About three months ago I received a phone call from some members in New Jersey to whom I had taught the gospel lessons. The couple I worked with were married and baptized while I was serving as a missionary, and a year later I was able to fly out to New Jersey and see them sealed in the temple for time and all eternity. I love this family dearly. Each time I talk to them I feel blessed that we have been able to develop a friendship and a bond through the sharing of the gospel. When they phoned, they announced that their family had a new little addition, a sweet little girl. I was excited to speak with them, and to know that they were still strong members of the church (he is a member of the branch presidency and she is a counselor in the Relief Society), and so happy!

I ended the phone conversation and told my mom how thrilled I was that they are still such a faithful little family and how they now had a new little girl. Knowing how excited and happy I was for them, my mom offered to help me make a baby quilt for the little tyke. I pieced it, Mom machine quilted it and sewed the binding on, and I just finished the binding on it. It turned out beautifully! (The pictures just can't do it justice). I'm going to send it off today.


This summer I enjoyed visits from two of my sisters. We had a great time and made some wonderful memories. My little niece and nephews are adorable and it was fun to get to know them and play with them.

Apparently, though, my first name can be quite a mouthful for a little kid. Growing up, my twin referred to me as Kissy because she couldn't get my full name out. This summer, as Bardo valiantly tried to coordinate his developing articulators (sorry I couldn't resist), I was known as Kwity, Wisty, and my personal favorite and his most frequent title: Witty. So in honor of Bardo (and because I've always wanted to be Witty :)), I've decided to change my screen to Witty.

Thursday, July 3, 2008

The Dog Days of Summer

It's finally starting to warm up and feel like summer time here. A couple of weeks ago Mom and I headed out to Crow Creek falls with a friend, and had a great time. I did not, however, appreciate our dog Max panting on my neck the entire trip up to the trail head. It's easy to forgive a face like that, though.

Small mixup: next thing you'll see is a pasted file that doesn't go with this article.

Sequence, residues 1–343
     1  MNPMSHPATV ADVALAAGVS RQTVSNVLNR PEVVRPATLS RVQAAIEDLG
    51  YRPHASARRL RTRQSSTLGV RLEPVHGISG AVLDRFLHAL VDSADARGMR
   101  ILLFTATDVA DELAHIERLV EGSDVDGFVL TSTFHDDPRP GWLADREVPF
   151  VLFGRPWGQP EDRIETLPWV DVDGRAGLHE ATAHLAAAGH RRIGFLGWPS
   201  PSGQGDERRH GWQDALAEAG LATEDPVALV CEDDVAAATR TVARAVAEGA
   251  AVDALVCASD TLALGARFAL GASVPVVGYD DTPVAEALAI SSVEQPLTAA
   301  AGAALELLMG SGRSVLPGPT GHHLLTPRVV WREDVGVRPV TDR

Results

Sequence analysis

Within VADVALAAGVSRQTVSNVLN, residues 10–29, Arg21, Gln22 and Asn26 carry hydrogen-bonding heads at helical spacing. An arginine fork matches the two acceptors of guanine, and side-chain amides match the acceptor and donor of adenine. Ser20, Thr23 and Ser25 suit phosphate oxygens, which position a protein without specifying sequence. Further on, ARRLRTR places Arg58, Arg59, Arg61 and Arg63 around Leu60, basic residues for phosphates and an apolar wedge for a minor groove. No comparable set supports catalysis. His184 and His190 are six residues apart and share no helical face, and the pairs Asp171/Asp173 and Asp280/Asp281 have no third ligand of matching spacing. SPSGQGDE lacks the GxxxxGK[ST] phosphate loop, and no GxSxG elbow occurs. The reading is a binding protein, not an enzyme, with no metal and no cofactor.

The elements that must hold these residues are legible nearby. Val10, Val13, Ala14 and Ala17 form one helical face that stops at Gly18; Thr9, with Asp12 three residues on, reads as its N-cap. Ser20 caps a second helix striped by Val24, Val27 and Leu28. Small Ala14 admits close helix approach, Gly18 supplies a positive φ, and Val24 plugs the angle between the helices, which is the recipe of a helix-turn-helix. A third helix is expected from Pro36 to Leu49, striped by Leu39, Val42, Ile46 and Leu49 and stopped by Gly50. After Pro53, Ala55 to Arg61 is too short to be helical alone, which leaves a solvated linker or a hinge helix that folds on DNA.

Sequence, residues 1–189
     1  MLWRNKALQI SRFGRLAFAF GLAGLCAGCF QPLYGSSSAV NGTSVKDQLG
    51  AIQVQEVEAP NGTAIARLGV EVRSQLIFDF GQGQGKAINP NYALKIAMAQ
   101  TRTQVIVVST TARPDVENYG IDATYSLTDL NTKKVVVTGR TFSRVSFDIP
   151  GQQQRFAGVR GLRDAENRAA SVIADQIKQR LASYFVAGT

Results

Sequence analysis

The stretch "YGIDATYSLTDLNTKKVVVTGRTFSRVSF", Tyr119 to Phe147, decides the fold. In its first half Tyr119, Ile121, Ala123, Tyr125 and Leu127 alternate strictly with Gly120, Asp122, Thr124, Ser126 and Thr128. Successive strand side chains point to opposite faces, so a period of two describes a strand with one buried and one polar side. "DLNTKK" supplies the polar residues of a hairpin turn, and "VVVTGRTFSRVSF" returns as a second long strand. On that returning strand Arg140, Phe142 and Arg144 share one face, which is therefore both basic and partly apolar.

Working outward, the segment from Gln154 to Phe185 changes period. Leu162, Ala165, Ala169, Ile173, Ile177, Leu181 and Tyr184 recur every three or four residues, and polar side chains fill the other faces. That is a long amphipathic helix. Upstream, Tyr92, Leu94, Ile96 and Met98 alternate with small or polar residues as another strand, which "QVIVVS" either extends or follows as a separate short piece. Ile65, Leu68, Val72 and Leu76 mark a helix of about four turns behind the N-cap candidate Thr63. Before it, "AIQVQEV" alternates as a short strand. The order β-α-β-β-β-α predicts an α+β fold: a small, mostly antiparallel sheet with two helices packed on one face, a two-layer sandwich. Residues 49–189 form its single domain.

We braved a horrible hike through dead-fall last week, and this week we're finally going to hike along the one of the trails above Eagle Guard Station, if the 100 degree temperature doesn't keeps us from the trail.

The rest of my week has been spent completing my internship. I've been working at St. Pete's Hospital. The area that I work in doesn't have any windows, but this week I've been enjoying plenty of sunshine and warm weather. I've been biking to and from work. With the newly paved back roads, riding has become decidedly easier. The first day it took me 35 minutes to get to St. Pete's from Montana City and about the same to get back. My speed is progressively improving, though. The next day it took 25 minutes to get there and 30 to get back, and the next couple of days I've cruised through in under 25 minutes both ways. It is so refreshing (although, I do get a bit sweaty) getting a bit of exercise before I start out, not to mention saving on those ridiculous gas prices!

Which Disney Princess Are You?

Image hosted by Photobucket.com

Free-spirited and wise. You have a strong passionate spirit that touches and changes all who know you. The wisdom and common sense that you have is really what guides you through life. Even so, you also have a very playful side that loves adventure and excitement.